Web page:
dan-georgeOn Thursday, August 28th, we’ll be hosting another literary event, part of the Chief Dan George Reading Series organized by the Tsleil-Waututh Nation Sacred Trust. Elder Fred John, Wil George, Ray Hsu, reg johanson, Jen Currin, and Rachelle Rueben George will read works by Chief Dan George, and their own poetry, in an evening hosted by Stephen Collis and Christine Leclerc.

All that, plus the final evening of our Summer Screening Series on Wednesday, August 27. After that, we’ll be taking a very short break to get ready for the September launch of the Monochrome Shop, Wrong Wave 2014 in October, and a few other things.

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Behind the Wall talk, Lauren Marsden launch, reception, Sunday August 17

Behind the wall - listening party and project launch
This is the week that Behind the Wall x In Front of the Wall moves into its final phase, with more works arriving, a talk by the curators, premiere of an audio work by Lauren Marsden, the arrival of new works by Alex Heilbron and Monsters, the launch of a new book, and the closing event on Friday August 22nd.

The exhibition continues until Saturday, August 23rd, so there’s a limited amount of time to take this in. The curatorial discussion and Lauren Marsden project launch starts at 4 pm on Sunday; the closing event is at 8pm on Friday; public hours are Wednesday to Saturday, noon to 5pm.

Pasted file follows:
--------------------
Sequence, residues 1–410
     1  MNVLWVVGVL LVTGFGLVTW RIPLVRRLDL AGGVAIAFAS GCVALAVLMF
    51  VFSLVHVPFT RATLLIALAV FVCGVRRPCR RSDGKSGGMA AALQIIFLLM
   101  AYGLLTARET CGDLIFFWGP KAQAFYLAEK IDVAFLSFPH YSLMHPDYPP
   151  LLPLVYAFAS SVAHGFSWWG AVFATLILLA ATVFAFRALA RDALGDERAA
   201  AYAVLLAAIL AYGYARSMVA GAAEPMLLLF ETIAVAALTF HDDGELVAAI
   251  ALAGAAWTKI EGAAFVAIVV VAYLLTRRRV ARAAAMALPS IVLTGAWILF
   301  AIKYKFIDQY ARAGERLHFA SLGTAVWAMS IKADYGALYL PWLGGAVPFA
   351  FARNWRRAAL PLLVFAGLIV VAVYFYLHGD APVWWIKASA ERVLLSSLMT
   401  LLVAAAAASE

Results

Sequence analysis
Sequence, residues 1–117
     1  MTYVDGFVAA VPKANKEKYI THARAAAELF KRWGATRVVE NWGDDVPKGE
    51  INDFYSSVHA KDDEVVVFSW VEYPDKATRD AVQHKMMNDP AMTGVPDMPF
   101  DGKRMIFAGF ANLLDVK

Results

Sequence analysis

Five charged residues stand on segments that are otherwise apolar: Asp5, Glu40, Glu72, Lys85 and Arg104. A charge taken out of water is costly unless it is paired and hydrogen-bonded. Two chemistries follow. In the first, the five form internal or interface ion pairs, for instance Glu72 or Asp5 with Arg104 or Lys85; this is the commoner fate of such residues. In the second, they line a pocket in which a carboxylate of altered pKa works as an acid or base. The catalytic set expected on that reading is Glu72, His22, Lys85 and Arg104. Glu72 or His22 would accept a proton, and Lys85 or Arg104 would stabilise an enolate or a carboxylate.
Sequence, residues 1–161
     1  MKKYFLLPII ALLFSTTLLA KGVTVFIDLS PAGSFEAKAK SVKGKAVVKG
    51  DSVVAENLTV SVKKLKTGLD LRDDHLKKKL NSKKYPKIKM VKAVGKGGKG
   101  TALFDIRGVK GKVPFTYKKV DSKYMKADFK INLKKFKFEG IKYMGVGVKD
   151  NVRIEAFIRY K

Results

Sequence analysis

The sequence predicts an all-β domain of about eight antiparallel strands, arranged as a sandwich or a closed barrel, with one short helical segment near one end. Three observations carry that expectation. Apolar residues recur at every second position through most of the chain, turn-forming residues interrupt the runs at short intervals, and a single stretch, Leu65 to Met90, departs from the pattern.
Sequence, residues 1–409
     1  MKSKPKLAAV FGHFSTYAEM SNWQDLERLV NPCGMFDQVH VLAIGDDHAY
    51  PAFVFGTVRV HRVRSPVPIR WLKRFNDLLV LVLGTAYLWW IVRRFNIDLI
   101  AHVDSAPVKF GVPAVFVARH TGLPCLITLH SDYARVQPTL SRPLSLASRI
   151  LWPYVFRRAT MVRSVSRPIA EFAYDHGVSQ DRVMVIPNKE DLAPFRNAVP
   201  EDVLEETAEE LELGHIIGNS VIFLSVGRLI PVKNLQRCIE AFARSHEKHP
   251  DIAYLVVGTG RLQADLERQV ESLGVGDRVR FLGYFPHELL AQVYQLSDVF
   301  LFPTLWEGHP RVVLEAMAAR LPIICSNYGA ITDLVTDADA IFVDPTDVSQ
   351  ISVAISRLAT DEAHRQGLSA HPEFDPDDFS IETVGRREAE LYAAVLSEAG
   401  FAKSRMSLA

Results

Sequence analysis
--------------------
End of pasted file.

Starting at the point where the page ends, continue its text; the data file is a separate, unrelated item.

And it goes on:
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This week’s film: L’Homme Qui Ment by Alain Robbe-Grillet

The past two weeks of screenings of Marguerite Duras’ work have been fantastic, thanks to everyone who came out and shared their interest in both Nathalie Granger and India Song.  This coming week, we will be screening a film from one of her contemporaries, L’Homme Qui Ment by Alain Robbe-Grillet.

Much more well known for his novels, Alain Robbe-Grillet was the driving force behind the development of the New Novel (or Le Nouveau Roman).  His writing deals largely with the absence of meaning or a recognized truth, wherein there are multiple alternations of each story. The alibi, the excuse, the substantiation are the functions of his work. None of the proposed events within the story are guaranteed, and all are present.  Maurice Blanchot described the sensation of reading his work “as if we were seeing everything, without anything being visible. The result is strange.”

His obsession with violent crime and the erotic are paranoid and anxiety- and guilt-ridden, and his work is often highly problematic because of this.  He was a self-professed sexual deviant, who claims to write in order to gain control over his desires. His writing, as well as his films, are comprehensive examinations of the male gaze, which are taken on with the emergent dedication of a last resort.

Come out to 236 East Pender Street on Wednesday August 20th at 9pm for a short reading of his writing, and a screening of L’Homme Qui Ment.

Screen Shot 2014-08-14 at 12.33.57 PM